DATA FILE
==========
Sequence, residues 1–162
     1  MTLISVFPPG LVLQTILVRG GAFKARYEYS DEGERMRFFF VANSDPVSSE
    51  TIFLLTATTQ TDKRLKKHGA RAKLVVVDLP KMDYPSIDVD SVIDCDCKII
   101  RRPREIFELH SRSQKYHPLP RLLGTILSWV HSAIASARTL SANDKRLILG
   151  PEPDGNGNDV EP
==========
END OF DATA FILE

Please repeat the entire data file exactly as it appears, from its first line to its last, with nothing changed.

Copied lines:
Sequence, residues 1–162
     1  MTLISVFPPG LVLQTILVRG GAFKARYEYS DEGERMRFFF VANSDPVSSE
    51  TIFLLTATTQ TDKRLKKHGA RAKLVVVDLP KMDYPSIDVD SVIDCDCKII
   101  RRPREIFELH SRSQKYHPLP RLLGTILSWV HSAIASARTL SANDKRLILG
   151  PEPDGNGNDV EP